In mid-June, a new right-leaning TV station called GB News launched in Britain. The channel quickly made a splash by hiring Andrew Neil, the highly respected former BBC news presenter who is famous for challenging politicians in interviews that feel more like interrogations. Neil pledged to challenge what he called the “one-party state” of British media, saying that he vehemently opposed “cancel culture” and “woke” activism. Other big-name hires and familiar faces from right-leaning print, radio and television soon followed.

The debut was rocky. Zoom calls constantly dropped. Microphones didn’t work. Presenters looked clueless as they addressed the wrong guests. Another former BBC presenter, Simon McCoy, even had to plead with GB News viewers to stop sending in comments signed with fake names that would trick him into reading out comical phrases that normally wouldn’t be fit to broadcast.

If the production quality was amateur, the ratings initially weren’t. The first GB News prime-time slot scored 336,000 viewers in its opening minutes, beating out Britain’s television titans of BBC News and Sky News. There seemed to be an untapped audience, eager to tune into newsreaders following a different script. Was this, as its critics suggested, the beginning of a British Fox News — a media behemoth that will cash in while dividing the country with endlessly polarizing culture wars?

Only up to a point.

GB News shares some similarities with Fox. The channel gives a lot of space to Republican-style grievance politics as well as the usual gripes about historical revisionism and progressive demands for racial justice. One of the first breakfast show segments criticized England’s soccer team for taking a knee before matches, the same way Fox News complains about the other kind of football across the pond. Neil hosts a segment called “Woke Watch,” the kind of title you could imagine being splashed on screen in front of Jesse Watters or Laura Ingraham on Fox.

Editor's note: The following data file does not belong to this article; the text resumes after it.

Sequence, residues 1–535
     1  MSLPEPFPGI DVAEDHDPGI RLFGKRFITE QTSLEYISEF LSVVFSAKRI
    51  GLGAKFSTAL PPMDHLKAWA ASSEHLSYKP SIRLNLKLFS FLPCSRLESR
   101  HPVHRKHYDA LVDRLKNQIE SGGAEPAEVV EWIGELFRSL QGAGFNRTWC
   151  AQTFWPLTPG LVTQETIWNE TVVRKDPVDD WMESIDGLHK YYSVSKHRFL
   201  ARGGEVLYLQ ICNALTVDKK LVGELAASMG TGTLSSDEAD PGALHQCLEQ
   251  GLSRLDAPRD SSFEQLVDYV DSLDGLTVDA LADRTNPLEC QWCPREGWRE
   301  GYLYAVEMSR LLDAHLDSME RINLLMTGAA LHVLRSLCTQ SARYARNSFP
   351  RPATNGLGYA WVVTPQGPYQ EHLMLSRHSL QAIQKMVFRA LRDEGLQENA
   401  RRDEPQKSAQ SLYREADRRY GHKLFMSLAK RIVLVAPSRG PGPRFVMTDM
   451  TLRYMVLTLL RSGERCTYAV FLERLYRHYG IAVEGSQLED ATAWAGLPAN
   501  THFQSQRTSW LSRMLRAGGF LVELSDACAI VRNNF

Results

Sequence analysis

But further comparisons are unfair. Neil and McCoy are serious journalists in a way that Sean Hannity and Tucker Carlson are not. And British broadcasting laws that require “due impartiality” will enforce some level of actual balance rather than the fake balance Fox claims.

GB News, for its part, disavows the Fox News comparison. And that might be smart, because simply transplanting Fox from Manhattan to Marylebone wouldn’t work. Angry rants and shouting matches are alien to a British news audience that’s more accustomed to civil discussion. More important, the United Kingdom just isn’t as culturally divided as the United States. Britain might be headed toward the United States’ dystopian political divides, but it’s not quite there yet.

According to a report released Tuesday by King’s College London titled “ ‘Culture Wars’ in the UK,” 4 in 10 Britons have never heard of the term “woke,” while 1 in 4 believes it to be a compliment, with the same proportion viewing it as an insult. The report notes that the largest category of respondents — 43 percent — doesn’t associate anything at all with the phrase “culture wars.” It’s hard to imagine a similar survey result in post-Trump America.

Moreover, simply due to geographic proximity, Britons have an easier time bridging cultural divides. Though the United Kingdom is roughly the same size as Minnesota, it’s home to 65 million people. People from rural Wyoming and midtown Manhattan can hardly fathom each other’s lives, whereas most Brits live close to a city and have spent time in London.

There are nonetheless real divisions that GB News might be able to tap into. Remain and Leave voters from the Brexit referendum do have different worldviews. And the King’s College report notes that 7 in 10 Britons say there is tension between immigrants and native-born citizens, roughly the same proportion as in the United States. The British public also strongly believes that political correctness has gone too far, with 62 percent of respondents agreeing with that statement, compared with just 19 percent who disagreed. Similarly, out of 28 countries surveyed, Britain ranked top of the list in the proportion of people who agreed that people are “too easily offended.” (The United States ranked third.)

With numbers like that, perhaps GB News will create a culture-wars-oriented audience as it goes along. Maybe the ranks of people who tune into “Woke Watch” will transform “woke” into a universal bad word in Britain rather than an unknown one. Time will tell.

But so far, that possibility seems slim. Three weeks into broadcasting, the ratings at GB News have tanked. Last week, Neil’s show topped out at roughly 30,000 viewers — about a tenth of the number from opening night. As the London Evening Standard noted, GB News even got beat in the ratings battle by the Welsh-language version of “Paw Patrol.” And that, more than anything, is the problem with the hypothesis that GB News is about to imminently import American-style culture wars. To fight a war, even a cultural one, you need soldiers. For now, at least, the potential recruits aren’t tuning in.

Read more: